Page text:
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Article: Mental health first aid training for the Chinese community in Melbourne, Australia: Effects on knowledge about and attitudes toward people with mental illness

TitleMental health first aid training for the Chinese community in Melbourne, Australia: Effects on knowledge about and attitudes toward people with mental illness
Authors
Issue Date2010
Citation
International Journal Of Mental Health Systems, 2010, v. 4 How to Cite?
AbstractBackground: The aim of this study was to investigate in members of the Chinese community in Melbourne the impact of Mental Health First Aid (MHFA) training on knowledge about mental disorders and on attitudes to people with mental illness. The hypotheses were that at the end of the training participants would have increased knowledge of mental disorders and related treatments, and decreased negative attitudes towards people with mental disorders.Methods: Respondents were 108 participants of three MHFA training workshops for the Chinese community in Melbourne conducted by a qualified MHFA trainer. Participants completed the research questionnaire prior to the commencement of the training (pre-test) and at its completion (post-test). The questionnaires assessed participants' ability to recognize a mental disorder (depression and schizophrenia) described in the vignettes, knowledge about the professional help and treatment, and negative attitudes towards people with mental illness.Results: Between pre- and post-test there was significant improvement in the recognition of mental disorders, beliefs about treatment became more concordant with health professionals, and negative attitudes reduced.Conclusion: The MHFA training course for general members of the Chinese community in Melbourne produced significant positive change in the level of mental health literacy and reductions in stigmatizing attitudes. The evidence from this study, together with the accumulated evidence of the benefits of MHFA training in the general Australian community, suggests that this approach should be scaled up to a level where it can have an impact on the whole of the Chinese community in Australia. © 2010 Lam et al; licensee BioMed Central Ltd.
Persistent Identifierhttp://hdl.handle.net/10722/172237
ISSN
2015 Impact Factor: 1.229
2015 SCImago Journal Rankings: 0.484
ISI Accession Number ID
References

 

DC FieldValueLanguage
dc.contributor.authorLam, AYKen_US
dc.contributor.authorJorm, AFen_US
dc.contributor.authorWong, DFKen_US
dc.date.accessioned2012-10-30T06:20:51Z-
dc.date.available2012-10-30T06:20:51Z-
dc.date.issued2010en_US
dc.identifier.citationInternational Journal Of Mental Health Systems, 2010, v. 4en_US
dc.identifier.issn1752-4458en_US
dc.identifier.urihttp://hdl.handle.net/10722/172237-
dc.description.abstractBackground: The aim of this study was to investigate in members of the Chinese community in Melbourne the impact of Mental Health First Aid (MHFA) training on knowledge about mental disorders and on attitudes to people with mental illness. The hypotheses were that at the end of the training participants would have increased knowledge of mental disorders and related treatments, and decreased negative attitudes towards people with mental disorders.Methods: Respondents were 108 participants of three MHFA training workshops for the Chinese community in Melbourne conducted by a qualified MHFA trainer. Participants completed the research questionnaire prior to the commencement of the training (pre-test) and at its completion (post-test). The questionnaires assessed participants' ability to recognize a mental disorder (depression and schizophrenia) described in the vignettes, knowledge about the professional help and treatment, and negative attitudes towards people with mental illness.Results: Between pre- and post-test there was significant improvement in the recognition of mental disorders, beliefs about treatment became more concordant with health professionals, and negative attitudes reduced.Conclusion: The MHFA training course for general members of the Chinese community in Melbourne produced significant positive change in the level of mental health literacy and reductions in stigmatizing attitudes. The evidence from this study, together with the accumulated evidence of the benefits of MHFA training in the general Australian community, suggests that this approach should be scaled up to a level where it can have an impact on the whole of the Chinese community in Australia. © 2010 Lam et al; licensee BioMed Central Ltd.en_US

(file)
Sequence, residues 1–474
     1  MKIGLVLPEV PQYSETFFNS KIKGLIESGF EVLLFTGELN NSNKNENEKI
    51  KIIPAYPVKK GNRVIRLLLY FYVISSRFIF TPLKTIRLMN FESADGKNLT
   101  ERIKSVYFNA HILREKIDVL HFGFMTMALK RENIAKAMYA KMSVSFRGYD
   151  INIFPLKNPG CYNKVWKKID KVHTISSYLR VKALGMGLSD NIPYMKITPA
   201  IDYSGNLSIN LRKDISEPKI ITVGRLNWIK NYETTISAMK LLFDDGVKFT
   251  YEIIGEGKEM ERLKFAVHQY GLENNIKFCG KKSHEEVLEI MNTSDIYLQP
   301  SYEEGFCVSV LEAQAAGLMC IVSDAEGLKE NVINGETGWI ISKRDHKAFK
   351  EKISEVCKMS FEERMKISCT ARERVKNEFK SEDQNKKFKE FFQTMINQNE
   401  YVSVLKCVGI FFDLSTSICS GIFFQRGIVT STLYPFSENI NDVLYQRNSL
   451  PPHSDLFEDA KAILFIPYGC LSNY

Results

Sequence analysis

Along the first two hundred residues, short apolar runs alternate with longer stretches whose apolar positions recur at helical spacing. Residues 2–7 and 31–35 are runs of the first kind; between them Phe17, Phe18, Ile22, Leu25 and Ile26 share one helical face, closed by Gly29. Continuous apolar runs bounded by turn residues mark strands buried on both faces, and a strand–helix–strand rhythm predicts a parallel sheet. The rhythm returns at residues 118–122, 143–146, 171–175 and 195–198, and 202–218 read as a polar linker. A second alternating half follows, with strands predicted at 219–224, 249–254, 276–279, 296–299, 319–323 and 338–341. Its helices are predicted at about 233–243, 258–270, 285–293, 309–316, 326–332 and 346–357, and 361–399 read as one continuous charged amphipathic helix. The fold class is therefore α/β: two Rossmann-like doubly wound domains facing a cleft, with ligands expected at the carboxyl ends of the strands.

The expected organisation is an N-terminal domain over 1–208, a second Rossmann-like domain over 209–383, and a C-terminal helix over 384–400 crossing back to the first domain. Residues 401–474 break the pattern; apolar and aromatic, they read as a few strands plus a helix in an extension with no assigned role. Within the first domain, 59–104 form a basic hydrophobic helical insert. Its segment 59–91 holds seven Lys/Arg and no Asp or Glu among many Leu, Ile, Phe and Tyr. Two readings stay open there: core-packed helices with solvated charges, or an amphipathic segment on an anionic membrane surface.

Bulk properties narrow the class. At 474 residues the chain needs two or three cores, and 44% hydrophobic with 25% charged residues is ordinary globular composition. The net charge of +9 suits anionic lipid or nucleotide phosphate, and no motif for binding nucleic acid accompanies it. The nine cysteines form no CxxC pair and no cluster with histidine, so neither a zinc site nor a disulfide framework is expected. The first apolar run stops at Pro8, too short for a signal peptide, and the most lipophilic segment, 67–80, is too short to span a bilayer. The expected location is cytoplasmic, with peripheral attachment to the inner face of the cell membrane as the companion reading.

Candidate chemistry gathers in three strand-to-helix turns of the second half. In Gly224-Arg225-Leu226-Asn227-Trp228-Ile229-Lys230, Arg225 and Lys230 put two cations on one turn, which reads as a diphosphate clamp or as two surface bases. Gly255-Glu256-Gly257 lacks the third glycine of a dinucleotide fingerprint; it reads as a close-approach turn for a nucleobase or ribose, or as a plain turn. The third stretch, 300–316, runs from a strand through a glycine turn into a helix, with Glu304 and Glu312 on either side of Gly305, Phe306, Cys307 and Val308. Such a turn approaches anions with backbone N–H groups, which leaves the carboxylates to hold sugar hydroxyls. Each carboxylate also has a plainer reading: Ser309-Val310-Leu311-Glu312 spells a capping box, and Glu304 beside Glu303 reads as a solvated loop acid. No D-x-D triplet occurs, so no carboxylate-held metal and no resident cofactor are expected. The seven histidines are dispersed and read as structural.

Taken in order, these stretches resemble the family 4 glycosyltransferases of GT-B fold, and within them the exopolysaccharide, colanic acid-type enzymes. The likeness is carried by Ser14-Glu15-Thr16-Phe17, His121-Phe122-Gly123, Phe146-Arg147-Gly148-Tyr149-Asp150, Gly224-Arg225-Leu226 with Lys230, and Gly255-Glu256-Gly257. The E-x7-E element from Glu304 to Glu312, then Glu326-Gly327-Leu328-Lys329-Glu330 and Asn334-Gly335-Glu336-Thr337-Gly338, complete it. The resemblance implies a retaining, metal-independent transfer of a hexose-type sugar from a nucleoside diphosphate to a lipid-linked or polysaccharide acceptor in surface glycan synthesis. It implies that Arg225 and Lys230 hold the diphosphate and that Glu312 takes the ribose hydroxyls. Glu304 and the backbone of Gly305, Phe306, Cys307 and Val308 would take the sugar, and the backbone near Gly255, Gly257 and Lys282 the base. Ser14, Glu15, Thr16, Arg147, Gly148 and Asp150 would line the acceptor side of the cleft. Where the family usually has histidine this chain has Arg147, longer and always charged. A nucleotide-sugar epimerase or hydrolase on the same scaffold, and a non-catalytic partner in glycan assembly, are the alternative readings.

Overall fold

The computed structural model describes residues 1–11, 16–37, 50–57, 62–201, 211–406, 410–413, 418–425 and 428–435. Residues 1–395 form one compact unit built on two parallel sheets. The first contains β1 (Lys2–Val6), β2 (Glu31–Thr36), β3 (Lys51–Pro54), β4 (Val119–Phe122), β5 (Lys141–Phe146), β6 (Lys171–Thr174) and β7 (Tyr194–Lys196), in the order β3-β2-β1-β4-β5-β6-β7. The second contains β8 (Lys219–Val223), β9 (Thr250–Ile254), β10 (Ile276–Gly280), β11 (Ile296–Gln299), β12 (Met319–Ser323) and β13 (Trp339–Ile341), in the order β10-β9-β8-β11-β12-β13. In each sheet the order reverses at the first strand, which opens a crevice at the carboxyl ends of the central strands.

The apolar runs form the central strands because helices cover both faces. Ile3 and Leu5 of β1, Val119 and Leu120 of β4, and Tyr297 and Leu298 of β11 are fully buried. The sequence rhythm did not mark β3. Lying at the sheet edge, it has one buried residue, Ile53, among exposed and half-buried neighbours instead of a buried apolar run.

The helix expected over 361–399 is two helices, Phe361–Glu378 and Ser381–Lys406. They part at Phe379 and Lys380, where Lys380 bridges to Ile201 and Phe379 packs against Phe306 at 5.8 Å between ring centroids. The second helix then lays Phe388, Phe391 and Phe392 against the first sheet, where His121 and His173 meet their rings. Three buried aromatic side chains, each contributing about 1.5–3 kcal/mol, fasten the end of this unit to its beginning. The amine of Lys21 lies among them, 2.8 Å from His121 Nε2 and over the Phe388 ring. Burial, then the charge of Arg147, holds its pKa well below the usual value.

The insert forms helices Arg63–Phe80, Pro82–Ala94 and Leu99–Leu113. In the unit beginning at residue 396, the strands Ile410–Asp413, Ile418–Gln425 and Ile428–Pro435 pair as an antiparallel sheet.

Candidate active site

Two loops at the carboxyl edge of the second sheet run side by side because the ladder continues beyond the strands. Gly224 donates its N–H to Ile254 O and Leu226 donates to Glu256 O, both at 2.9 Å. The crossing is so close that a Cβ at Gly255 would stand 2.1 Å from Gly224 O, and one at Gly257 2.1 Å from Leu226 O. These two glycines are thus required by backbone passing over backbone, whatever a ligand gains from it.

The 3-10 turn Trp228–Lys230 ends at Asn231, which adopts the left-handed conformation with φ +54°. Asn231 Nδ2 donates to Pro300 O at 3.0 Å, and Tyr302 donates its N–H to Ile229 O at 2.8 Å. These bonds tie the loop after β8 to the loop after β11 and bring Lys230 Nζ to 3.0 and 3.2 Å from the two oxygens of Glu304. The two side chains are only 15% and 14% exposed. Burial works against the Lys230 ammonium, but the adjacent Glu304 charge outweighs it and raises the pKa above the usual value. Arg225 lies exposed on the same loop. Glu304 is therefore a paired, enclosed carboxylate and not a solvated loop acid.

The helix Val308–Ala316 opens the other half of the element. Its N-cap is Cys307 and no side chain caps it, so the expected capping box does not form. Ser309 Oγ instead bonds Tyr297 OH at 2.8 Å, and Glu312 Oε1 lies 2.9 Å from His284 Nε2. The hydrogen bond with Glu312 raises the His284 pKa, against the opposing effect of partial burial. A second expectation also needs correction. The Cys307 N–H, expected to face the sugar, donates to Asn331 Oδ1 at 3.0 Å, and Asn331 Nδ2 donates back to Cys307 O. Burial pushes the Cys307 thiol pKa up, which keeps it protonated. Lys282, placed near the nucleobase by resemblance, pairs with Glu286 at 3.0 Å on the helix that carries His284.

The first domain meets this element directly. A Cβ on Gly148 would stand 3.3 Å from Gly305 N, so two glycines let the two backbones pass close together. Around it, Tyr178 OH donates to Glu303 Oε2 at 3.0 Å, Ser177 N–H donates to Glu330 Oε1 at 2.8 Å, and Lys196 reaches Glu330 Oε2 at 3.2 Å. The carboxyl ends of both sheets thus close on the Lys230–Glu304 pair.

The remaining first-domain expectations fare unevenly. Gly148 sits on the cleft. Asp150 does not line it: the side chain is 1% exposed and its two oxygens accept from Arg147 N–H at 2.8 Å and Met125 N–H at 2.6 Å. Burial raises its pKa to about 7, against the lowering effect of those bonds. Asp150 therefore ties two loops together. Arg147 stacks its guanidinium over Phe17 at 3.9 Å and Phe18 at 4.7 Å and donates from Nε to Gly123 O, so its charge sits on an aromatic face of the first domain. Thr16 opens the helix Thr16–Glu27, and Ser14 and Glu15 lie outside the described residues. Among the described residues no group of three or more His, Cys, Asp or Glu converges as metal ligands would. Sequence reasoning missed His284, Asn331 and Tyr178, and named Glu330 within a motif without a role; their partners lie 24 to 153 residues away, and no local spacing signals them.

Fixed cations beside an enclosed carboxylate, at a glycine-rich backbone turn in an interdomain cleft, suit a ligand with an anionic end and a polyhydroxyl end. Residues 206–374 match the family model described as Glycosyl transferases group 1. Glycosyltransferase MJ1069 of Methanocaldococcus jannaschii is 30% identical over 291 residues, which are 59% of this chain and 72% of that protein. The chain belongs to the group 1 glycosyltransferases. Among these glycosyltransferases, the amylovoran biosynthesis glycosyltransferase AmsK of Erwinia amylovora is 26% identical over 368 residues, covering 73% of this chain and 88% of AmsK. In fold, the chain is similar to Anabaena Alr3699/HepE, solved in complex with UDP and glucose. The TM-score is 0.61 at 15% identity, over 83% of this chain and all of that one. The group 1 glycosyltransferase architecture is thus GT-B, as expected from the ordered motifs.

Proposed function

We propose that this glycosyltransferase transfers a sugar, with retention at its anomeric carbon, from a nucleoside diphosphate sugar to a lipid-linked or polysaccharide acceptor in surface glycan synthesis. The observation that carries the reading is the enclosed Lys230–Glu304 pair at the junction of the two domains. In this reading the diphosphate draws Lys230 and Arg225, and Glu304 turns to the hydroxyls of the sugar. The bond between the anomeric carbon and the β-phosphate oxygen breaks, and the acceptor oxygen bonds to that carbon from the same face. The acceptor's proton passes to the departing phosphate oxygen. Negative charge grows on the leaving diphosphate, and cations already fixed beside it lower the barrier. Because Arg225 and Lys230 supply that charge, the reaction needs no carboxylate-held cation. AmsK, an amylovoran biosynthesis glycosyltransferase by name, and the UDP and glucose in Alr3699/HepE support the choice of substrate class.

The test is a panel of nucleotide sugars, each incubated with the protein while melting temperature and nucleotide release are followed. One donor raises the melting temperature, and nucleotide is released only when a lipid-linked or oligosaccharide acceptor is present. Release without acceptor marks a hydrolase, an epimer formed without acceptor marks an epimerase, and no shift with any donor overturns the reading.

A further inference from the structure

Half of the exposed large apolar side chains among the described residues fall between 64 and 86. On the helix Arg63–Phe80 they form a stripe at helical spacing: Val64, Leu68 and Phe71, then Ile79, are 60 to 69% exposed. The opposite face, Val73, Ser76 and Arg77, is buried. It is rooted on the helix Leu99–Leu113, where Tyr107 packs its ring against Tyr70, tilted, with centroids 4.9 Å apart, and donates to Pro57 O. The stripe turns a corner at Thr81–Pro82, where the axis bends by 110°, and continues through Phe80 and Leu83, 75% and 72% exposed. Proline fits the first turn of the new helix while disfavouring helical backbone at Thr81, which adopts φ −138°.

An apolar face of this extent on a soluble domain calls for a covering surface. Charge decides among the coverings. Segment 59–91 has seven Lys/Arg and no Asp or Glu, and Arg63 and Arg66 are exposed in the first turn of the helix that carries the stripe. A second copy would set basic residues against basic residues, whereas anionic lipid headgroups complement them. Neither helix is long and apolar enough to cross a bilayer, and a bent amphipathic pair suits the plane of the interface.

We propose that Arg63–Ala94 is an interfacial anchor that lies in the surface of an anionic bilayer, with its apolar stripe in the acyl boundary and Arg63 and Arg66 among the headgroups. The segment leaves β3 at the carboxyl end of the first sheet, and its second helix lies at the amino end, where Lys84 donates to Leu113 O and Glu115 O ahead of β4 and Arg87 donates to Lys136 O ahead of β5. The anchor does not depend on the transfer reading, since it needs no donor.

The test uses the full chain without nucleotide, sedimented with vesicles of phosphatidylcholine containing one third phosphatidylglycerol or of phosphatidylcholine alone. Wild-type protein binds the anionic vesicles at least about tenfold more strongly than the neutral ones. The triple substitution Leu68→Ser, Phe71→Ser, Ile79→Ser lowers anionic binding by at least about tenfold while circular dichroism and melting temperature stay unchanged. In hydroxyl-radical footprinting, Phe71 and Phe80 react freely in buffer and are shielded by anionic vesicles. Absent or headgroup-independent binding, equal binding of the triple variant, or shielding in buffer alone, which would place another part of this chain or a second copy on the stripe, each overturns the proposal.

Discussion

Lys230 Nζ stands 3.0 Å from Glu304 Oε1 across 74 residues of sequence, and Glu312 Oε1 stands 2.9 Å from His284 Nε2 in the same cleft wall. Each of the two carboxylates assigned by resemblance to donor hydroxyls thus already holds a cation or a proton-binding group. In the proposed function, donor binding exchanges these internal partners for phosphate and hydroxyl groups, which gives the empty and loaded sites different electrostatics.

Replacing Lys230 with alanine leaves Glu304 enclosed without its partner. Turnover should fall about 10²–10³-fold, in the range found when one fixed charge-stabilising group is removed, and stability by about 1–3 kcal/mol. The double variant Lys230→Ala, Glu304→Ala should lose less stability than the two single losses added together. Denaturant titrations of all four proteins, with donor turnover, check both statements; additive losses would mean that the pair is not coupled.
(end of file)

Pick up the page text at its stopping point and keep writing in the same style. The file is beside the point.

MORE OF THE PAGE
dc.languageengen_US
dc.relation.ispartofInternational Journal of Mental Health Systemsen_US
dc.titleMental health first aid training for the Chinese community in Melbourne, Australia: Effects on knowledge about and attitudes toward people with mental illnessen_US
dc.typeArticleen_US
dc.identifier.emailWong, DFK: dfkwong@hkucc.hku.hken_US
dc.identifier.authorityWong, DFK=rp00593en_US
dc.description.naturelink_to_subscribed_fulltexten_US
dc.identifier.doi10.1186/1752-4458-4-18en_US
dc.identifier.pmid20576137-
dc.identifier.scopuseid_2-s2.0-77954317793en_US
dc.relation.referenceshttp://www.scopus.com/mlt/select.url?eid=2-s2.0-77954317793&selection=ref&src=s&origin=recordpageen_US
dc.identifier.volume4en_US
dc.identifier.isiWOS:000208218900018-
dc.identifier.scopusauthoridLam, AYK=42561610400en_US
dc.identifier.scopusauthoridJorm, AF=7102651196en_US
dc.identifier.scopusauthoridWong, DFK=35231716600en_US

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